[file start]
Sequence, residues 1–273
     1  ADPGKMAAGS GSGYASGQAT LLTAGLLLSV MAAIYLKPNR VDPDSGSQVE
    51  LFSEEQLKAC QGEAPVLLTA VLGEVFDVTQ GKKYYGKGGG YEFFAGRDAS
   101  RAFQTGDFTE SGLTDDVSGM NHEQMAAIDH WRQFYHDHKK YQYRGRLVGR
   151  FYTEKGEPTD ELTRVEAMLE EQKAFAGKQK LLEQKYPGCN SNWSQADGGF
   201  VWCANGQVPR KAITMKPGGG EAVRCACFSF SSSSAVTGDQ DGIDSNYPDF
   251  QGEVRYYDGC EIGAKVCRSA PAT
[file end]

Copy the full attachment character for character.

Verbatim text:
Sequence, residues 1–273
     1  ADPGKMAAGS GSGYASGQAT LLTAGLLLSV MAAIYLKPNR VDPDSGSQVE
    51  LFSEEQLKAC QGEAPVLLTA VLGEVFDVTQ GKKYYGKGGG YEFFAGRDAS
   101  RAFQTGDFTE SGLTDDVSGM NHEQMAAIDH WRQFYHDHKK YQYRGRLVGR
   151  FYTEKGEPTD ELTRVEAMLE EQKAFAGKQK LLEQKYPGCN SNWSQADGGF
   201  VWCANGQVPR KAITMKPGGG EAVRCACFSF SSSSAVTGDQ DGIDSNYPDF
   251  QGEVRYYDGC EIGAKVCRSA PAT